By Normxxx | 24 September 2010
Yesterday morning, it was reported that existing home sales rose 7.6% in August from July's level. Wow. The instant reaction was that housing has bottomed.
But even a 7.6% improvement from July's horribly depressed level makes August the 2nd worst month on record, and has existing home sales so far in the 3rd quarter running at a 29% slower pace than the 2nd quarter. Compare August sales to a year ago. In August of last year, existing homes sold at an annualized rate of 5.1 million homes. Yesterday's report was that this August they sold at an annualized rate of 4.1 million homes, down 19.6% year over year. Compare the 3rd quarter so far to the 2nd quarter.
In April, existing home sales were at a 5.77 million annualized rate, in May 5.66 million, and in June at 4.6 million. That's a monthly average of 5.34 million for the 2nd quarter. (But note also the direction of those numbers— all down— and during some of the normally strongest months for housing!)
So far in the 3rd quarter, the bottom has dropped out of housing again. Existing home sales plunged in July in the largest monthly decline ever, to an annualized pace of only 3.37 million homes. And yesterday it was reported that August sales were "up" 7.6% from that July record low, but to only 4.13 million homes (the second lowest monthly pace on record).
So the monthly average in the 3rd quarter so far is an annualized rate of 3.75 million existing homes sold, down from the monthly average in the 2nd quarter of 5.34 million. That's a 29.7% quarter to quarter decline. This is not a positive report by any means, but another sign that the economy in the 3rd quarter is worse than the dismal 2nd quarter, when GDP grew at only a 1.6% pace.
Meanwhile, new home sales remain near record lows, coming in unchanged in August. Sales of new homes were flat in August at a seasonally adjusted annual rate of 288,000, the second lowest level since the Commerce Department started tracking new home sales in 1963. Last month, the Commerce Department had reported that sales plunged to a record low of 276,000, but this month it revised that number to 288,000. Sales year-over-year are down 28.9%.
Fed: Recovery Continues To Slow
By Chris Isidore, Senior Writer | 21 September 2010
NEW YORK (CNNMoney.com)— The U.S. economic recovery continues to lose steam, the Federal Reserve said Tuesday, but the central bank unveiled only tougher language but no new policies to try to spur growth. While the Fed said it expects improvement ahead, it cautioned "the pace of economic recovery is likely to be modest in the near-term". The Fed left its federal funds rate at close to 0%. That overnight lending rate, which is used as a benchmark to set the rates paid on a wide variety of business and consumer loans, has been at that level since December 2008.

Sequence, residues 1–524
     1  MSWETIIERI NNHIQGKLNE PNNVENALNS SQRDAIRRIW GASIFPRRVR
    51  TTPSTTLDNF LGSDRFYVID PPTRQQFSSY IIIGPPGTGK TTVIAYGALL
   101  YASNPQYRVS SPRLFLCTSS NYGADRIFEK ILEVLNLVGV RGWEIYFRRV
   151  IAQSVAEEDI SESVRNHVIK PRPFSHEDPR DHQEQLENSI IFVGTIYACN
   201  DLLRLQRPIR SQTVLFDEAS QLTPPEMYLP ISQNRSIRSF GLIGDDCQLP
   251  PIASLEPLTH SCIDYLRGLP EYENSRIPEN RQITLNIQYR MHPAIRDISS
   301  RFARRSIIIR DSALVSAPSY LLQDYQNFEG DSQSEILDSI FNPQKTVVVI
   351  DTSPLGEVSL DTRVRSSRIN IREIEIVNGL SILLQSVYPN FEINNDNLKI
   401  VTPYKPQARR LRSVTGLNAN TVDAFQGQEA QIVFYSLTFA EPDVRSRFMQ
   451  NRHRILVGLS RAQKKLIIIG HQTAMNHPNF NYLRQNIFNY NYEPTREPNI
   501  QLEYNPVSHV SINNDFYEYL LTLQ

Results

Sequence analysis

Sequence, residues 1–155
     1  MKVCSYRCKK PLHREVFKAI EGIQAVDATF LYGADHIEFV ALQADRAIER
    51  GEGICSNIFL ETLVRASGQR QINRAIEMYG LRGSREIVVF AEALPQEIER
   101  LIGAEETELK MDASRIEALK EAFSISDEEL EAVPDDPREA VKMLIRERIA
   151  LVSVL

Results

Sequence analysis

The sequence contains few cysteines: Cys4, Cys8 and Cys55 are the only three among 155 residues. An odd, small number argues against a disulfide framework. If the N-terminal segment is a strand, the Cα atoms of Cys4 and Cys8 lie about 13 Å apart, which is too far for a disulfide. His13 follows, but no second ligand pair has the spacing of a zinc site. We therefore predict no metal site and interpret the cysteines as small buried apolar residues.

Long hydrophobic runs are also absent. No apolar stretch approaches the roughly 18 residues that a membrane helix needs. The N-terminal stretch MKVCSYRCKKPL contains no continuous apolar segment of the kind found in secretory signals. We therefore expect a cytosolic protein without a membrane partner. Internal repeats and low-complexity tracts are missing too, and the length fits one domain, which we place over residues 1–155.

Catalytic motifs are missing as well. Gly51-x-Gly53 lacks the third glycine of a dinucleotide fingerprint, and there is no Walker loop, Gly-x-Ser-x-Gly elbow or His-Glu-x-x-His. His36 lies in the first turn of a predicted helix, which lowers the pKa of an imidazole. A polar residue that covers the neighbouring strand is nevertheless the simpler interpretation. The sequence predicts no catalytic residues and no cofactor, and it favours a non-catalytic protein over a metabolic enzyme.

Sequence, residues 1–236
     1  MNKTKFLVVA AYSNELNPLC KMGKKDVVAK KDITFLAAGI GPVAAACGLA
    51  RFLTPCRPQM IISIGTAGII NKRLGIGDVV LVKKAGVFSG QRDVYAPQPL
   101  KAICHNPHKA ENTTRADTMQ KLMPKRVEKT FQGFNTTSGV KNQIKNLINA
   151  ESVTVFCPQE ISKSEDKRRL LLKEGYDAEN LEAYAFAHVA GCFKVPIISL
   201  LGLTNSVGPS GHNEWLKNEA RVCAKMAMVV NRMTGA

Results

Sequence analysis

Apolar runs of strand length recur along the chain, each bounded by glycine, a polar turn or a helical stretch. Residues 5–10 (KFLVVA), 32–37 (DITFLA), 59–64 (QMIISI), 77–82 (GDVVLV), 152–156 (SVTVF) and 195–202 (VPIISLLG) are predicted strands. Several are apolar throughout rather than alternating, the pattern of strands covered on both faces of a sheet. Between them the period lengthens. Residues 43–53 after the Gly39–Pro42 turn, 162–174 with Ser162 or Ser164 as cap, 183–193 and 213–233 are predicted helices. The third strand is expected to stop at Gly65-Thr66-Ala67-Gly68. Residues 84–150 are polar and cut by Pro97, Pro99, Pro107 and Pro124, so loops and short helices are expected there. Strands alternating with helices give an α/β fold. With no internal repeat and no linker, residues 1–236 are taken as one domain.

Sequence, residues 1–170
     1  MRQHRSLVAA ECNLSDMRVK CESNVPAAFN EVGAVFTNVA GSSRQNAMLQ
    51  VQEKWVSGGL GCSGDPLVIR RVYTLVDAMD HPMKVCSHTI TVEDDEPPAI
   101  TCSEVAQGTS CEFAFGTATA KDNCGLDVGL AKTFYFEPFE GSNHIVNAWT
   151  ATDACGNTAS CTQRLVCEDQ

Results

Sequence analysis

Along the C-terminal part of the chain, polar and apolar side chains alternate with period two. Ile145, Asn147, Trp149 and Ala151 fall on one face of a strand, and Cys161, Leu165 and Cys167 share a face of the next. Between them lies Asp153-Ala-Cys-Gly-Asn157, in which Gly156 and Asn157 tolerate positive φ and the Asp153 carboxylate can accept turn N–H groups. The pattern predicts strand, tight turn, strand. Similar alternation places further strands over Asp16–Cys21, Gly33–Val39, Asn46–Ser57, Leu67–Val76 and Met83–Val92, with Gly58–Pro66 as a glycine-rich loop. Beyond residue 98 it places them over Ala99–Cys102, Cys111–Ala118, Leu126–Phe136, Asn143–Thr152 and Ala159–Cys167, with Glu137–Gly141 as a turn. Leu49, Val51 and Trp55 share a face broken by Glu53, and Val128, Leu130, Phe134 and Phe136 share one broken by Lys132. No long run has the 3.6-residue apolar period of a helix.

The Fed's statement again promised that this rate would stay at an "exceptionally low levels" for an "extended period." The Fed also announced it will continue to make new purchases of Treasurys with the proceeds of its earlier investments. That policy was announced at its previous meeting last month.
While the Fed did not announce any additional steps Tuesday, it was more aggressive in what it promised to do in the future if conditions weaken further. In its statement, the Fed indicated it is prepared to "provide additional accommodation" in order to "return inflation" to slightly higher levels. Since central banks typically are more concerned with fighting, rather than feeding, inflation, the language was very unusual. It may be a sign that policymakers are more worried about the risks posed by lower prices rather than higher prices.
"That's pretty aggressive talk," said Bruce McCain, chief investment strategist at Key Private Bank in Cleveland. "They didn't draw the sword, but they sure rattled it quite a bit". The Consumer Price Index, the government's key measure of inflation, is up only 1.1% over the last 12 months, while the 'core' CPI, which strips out 'volatile' [[ie, inconveniently higher: normxxx]] food and energy prices, is up only 0.9%.
The Fed is widely believed to want to see core CPI up at least 1% to 2% in order to keep prices steady. One fear is that if prices fall, it can cause businesses to cut back production. That can lead to further job losses. McCain said the Fed's statement lays the groundwork for the central bank to make additional purchases of assets such at Treasurys at subsequent meetings.
"This takes a major step in that direction," he said. "It's as much as they can do without announcing an actual date and details of such action". But other experts said it may not matter what the Fed does at this point.
Sung Won Sohn, economics professor at Cal State University Channel Islands said that while the Fed has been making promises that it stands ready to act, "unfortunately, what the Fed can do to boost the economy is very limited." Once again, Kansas City Fed President Thomas Hoenig objected to the statement and Fed policy. He argued the economy continues to recover at a moderate pace and that keeping rates so low for an extended period could lead to a new bubble in markets that will cause greater problems down the line.
Still, the Fed said there are numerous signs of weakness in the economy, including employers reluctant to add staff, a depressed housing market, a slowdown in the growth of business investment and only modest improvement in consumer spending.